How much of Wasting Talent represents real life events?

When I sat down to write Wasting Talent, I had a number of stories that I thought would make a good book and I wanted to write a roman à clef and tell them episodically. I was a heroin addict for 10 years and during that time some pretty interesting things had happened to me. People ask me a lot to give a percentage of how much actually happened. I’d say 80% is true. I was never a guitar prodigy but when I was using I had a lot of grandiose delusions about being a rock star.

I was flying all across the country going to treatment centers and I felt like I was something I wasn’t. Some of the gun fight scenes were embellished. I’ve never shot a gun at another person, but at the time that I was writing the book, literary/genre hybrid novels were en vogue. I fictionalized some stuff for the sake of making the story more entertaining but hopefully all of the feelings from the novel accurately reflect what it’s like to be on a drug run of that magnitude, that’s what I was going for.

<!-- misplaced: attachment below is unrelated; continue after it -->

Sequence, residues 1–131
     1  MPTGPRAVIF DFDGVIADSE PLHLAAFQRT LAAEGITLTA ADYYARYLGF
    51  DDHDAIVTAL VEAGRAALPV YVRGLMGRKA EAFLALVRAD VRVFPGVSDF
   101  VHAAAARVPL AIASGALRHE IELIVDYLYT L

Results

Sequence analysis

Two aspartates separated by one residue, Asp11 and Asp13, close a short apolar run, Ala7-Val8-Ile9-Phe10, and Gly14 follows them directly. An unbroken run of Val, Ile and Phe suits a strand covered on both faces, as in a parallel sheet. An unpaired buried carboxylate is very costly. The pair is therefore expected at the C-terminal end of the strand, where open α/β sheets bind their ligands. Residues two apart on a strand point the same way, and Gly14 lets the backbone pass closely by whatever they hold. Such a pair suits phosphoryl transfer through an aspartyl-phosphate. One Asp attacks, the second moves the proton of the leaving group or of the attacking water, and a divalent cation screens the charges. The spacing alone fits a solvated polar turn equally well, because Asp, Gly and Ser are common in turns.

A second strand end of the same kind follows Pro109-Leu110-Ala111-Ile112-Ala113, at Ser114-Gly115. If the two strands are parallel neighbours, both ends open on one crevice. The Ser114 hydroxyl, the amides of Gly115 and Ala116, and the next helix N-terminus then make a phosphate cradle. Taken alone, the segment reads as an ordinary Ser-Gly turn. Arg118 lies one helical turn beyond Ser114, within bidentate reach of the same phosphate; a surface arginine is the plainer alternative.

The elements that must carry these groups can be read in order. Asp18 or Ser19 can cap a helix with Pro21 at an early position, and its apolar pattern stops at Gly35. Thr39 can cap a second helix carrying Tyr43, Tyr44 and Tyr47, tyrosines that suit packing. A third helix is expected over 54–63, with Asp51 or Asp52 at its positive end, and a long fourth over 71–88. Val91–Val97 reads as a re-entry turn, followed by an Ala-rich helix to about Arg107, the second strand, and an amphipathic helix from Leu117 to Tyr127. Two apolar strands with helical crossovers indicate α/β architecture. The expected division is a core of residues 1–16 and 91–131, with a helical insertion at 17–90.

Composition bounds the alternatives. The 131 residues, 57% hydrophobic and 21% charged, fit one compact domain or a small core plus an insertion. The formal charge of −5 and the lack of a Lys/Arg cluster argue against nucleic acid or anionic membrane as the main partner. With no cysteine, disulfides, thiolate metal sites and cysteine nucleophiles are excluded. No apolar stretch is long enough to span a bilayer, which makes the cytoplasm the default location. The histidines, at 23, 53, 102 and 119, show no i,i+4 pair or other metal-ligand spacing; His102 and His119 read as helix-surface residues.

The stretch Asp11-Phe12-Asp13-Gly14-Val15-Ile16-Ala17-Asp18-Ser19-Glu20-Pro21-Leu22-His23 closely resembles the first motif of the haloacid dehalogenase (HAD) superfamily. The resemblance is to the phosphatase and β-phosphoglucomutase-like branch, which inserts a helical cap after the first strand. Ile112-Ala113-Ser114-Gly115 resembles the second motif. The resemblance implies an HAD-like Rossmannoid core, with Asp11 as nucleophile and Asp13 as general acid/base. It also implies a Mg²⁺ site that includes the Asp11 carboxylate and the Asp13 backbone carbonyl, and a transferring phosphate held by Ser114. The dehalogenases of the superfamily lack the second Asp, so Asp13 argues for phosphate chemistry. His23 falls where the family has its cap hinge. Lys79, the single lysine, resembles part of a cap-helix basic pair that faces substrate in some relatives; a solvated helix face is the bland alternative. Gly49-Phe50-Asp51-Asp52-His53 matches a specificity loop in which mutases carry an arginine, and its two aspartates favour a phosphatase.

You spent four years in prison, could you talk about that?

In 2006, I had been going from rehab to rehab to try and get off of heroin. I think I just finally gave up. I was introduced to someone that was distributing large quantities of club drugs: Molly, LSD, DMT, etc. He decided to hire me and I went from being a broke junkie to making $10,000 a week. As the money increased, I started doing more heroin and cocaine. Eventually, I started selling heroin just so I could keep up with my gargantuan habit.